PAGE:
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The Mangoldt function returns the log of prime power base or zero when composite.

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By default,

FactorInteger allows only real integers. But with the option setting

GaussianIntegers->True, it also handles Gaussian integers, which are complex numbers with integer real and imaginary parts. Just as it is possible to factor uniquely in terms of real primes, it is also possible to factor uniquely in terms of Gaussian primes. There is nevertheless some potential ambiguity in the choice of Gaussian primes. In

*Mathematica*, they are always chosen to have positive real parts, and non-negative imaginary parts, except for a possible initial factor of

or

.

Over the Gaussian integers, 2 can be factored as

.

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Here are the factors of a Gaussian integer.

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PowerMod[a,b,n] | the power modulo n |

DirichletCharacter[k,j,n] | the Dirichlet character |

EulerPhi[n] | the Euler totient function |

MoebiusMu[n] | the Möbius function |

DivisorSigma[k,n] | the divisor function |

DivisorSum[n,form] | the sum of for all i that divide n |

DivisorSum[n,form,cond] | the sum for only those divisors for which gives True |

JacobiSymbol[n,m] | the Jacobi symbol |

ExtendedGCD[n_{1},n_{2},...] | the extended GCD of , , ... |

MultiplicativeOrder[k,n] | the multiplicative order of k modulo n |

MultiplicativeOrder[k,n,{r_{1},r_{2},...}] | the generalized multiplicative order with residues |

CarmichaelLambda[n] | the Carmichael function |

PrimitiveRoot[n] | a primitive root of n |

Some functions from number theory.

The modular power function

PowerMod gives exactly the same results as

Mod for

b>0.

PowerMod is much more efficient, however, because it avoids generating the full form of

.

You can use

PowerMod not only to find positive modular powers, but also to find modular inverses. For negative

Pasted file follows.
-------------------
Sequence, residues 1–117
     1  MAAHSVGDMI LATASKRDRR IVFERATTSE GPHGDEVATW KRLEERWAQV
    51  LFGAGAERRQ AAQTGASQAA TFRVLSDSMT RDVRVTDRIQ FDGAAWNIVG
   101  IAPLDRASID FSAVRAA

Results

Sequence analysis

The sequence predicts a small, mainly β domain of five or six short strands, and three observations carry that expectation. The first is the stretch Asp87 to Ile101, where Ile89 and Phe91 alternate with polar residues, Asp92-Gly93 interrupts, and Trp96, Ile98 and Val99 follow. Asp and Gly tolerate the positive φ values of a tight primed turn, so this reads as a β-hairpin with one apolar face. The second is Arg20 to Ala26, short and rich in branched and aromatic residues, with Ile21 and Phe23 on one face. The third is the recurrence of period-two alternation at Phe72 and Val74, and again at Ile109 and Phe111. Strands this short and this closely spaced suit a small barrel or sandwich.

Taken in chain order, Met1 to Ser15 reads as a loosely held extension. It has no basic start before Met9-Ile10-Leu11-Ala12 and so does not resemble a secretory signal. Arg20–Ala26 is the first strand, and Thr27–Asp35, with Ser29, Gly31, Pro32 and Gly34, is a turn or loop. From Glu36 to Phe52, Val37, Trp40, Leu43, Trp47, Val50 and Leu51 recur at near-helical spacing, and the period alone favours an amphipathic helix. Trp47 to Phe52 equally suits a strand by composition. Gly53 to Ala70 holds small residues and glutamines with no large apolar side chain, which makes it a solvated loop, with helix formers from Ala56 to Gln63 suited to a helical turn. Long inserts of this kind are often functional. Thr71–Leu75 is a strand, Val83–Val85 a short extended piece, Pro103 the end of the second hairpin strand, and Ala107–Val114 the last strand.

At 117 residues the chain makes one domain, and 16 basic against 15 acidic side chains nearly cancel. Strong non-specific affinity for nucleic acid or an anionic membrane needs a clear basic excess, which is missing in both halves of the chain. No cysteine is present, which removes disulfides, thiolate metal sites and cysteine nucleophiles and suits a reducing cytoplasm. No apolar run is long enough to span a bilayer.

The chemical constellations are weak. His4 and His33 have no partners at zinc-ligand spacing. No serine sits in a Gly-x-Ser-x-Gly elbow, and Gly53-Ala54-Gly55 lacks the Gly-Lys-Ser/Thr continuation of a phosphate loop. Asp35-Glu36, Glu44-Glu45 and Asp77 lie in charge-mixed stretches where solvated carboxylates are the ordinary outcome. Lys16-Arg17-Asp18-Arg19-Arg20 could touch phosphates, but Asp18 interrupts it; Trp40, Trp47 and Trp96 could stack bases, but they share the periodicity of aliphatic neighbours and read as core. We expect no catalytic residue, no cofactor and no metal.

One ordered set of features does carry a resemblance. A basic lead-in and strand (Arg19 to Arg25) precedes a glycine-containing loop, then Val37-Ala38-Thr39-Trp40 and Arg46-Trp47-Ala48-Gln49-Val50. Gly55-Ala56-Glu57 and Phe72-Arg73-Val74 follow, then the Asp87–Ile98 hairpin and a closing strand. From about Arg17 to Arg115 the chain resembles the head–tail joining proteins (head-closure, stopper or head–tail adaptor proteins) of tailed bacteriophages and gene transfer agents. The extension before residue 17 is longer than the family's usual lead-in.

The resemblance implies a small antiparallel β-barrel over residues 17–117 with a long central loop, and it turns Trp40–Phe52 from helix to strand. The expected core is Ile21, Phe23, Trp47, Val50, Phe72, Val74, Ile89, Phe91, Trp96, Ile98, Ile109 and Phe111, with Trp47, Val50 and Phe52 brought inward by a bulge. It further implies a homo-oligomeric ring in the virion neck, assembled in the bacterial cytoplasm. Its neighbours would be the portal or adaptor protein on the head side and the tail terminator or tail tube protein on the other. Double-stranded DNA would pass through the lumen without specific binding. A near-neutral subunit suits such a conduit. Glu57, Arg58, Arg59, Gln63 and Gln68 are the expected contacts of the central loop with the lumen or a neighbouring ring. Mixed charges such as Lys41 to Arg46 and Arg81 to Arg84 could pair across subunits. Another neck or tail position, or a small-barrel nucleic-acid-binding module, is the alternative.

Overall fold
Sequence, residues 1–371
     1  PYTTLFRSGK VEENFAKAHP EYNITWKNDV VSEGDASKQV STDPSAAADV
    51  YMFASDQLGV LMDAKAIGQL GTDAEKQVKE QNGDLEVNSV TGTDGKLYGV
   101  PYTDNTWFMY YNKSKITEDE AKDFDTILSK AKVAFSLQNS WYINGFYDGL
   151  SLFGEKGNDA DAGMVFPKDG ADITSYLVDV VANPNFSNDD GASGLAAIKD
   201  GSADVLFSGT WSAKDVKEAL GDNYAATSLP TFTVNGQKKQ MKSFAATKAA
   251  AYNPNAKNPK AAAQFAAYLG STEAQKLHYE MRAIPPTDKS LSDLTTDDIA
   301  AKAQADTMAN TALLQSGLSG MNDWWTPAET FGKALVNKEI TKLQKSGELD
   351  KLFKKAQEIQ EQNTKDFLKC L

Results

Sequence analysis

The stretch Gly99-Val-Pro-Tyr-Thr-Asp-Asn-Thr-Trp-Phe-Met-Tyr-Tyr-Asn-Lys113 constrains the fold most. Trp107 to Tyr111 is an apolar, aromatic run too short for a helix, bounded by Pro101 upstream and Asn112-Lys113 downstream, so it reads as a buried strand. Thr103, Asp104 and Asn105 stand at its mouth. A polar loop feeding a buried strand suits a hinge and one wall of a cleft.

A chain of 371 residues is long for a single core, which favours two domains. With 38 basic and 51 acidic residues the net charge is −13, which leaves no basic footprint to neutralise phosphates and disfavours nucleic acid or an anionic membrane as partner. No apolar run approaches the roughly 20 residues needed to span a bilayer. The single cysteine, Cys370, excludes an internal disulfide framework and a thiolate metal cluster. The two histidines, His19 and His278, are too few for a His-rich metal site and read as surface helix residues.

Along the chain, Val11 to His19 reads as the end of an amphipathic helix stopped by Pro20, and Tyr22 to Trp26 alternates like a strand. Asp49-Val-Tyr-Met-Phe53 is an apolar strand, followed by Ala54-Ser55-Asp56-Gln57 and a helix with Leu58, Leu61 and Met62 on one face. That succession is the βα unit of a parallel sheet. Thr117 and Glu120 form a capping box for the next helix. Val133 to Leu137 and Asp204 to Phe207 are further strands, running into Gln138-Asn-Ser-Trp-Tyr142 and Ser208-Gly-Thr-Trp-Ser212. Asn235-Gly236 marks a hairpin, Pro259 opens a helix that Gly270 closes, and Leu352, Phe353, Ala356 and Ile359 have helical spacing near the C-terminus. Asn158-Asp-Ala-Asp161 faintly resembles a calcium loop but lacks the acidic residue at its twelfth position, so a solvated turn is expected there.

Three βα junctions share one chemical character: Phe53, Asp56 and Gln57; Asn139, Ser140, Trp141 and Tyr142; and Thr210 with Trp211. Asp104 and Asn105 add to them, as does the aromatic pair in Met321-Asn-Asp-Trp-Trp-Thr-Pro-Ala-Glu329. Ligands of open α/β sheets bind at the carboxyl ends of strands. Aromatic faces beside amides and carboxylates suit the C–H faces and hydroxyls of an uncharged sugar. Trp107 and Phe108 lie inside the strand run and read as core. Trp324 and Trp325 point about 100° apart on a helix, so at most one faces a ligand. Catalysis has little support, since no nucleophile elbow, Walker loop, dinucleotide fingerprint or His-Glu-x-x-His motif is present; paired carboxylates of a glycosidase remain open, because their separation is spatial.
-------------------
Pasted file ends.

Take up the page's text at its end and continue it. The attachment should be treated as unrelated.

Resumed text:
b,

PowerMod gives, if possible, an integer

such that

. (Whenever such an integer exists, it is guaranteed to be unique modulo

n.) If no such integer

exists,

*Mathematica* leaves

PowerMod unevaluated.

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This gives the modular inverse of 3 modulo 7.

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Multiplying the inverse by 3 modulo 7 gives 1, as expected.

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This finds the smallest non-negative integer

so that

is equal to 3 mod 11.

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This verifies the result.

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This returns all integers less than 11 which satisfy the relation.

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If

d does not have a square root modulo

n,

PowerMod will remain unevaluated and

PowerModList will return an empty list.

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This checks that 3 is not a square modulo 5.

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Even for a large modulus, the square root can be computed fairly quickly.

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There are

distinct Dirichlet characters for a given modulus

k, as labeled by the index

j. Different conventions can give different orderings for the possible characters.

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The Euler totient function

gives the number of integers less than

that are relatively prime to

. An important relation (Fermat's little theorem) is that

for all

relatively prime to

.

The Möbius function

is defined to be

if

is a product of

distinct primes, and

if

contains a squared factor (other than 1). An important relation is the Möbius inversion formula, which states that if

for all

, then

, where the sums are over all positive integers

that divide

.

The divisor function

is the sum of the

powers of the divisors of

. The function

gives the total number of divisors of

, and is variously denoted

,

and

. The function

, equal to the sum of the divisors of

, is often denoted

.

For prime

,

.

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The result is 1, as guaranteed by Fermat's little theorem.

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This gives a list of all the divisors of 24.

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gives the total number of distinct divisors of 24.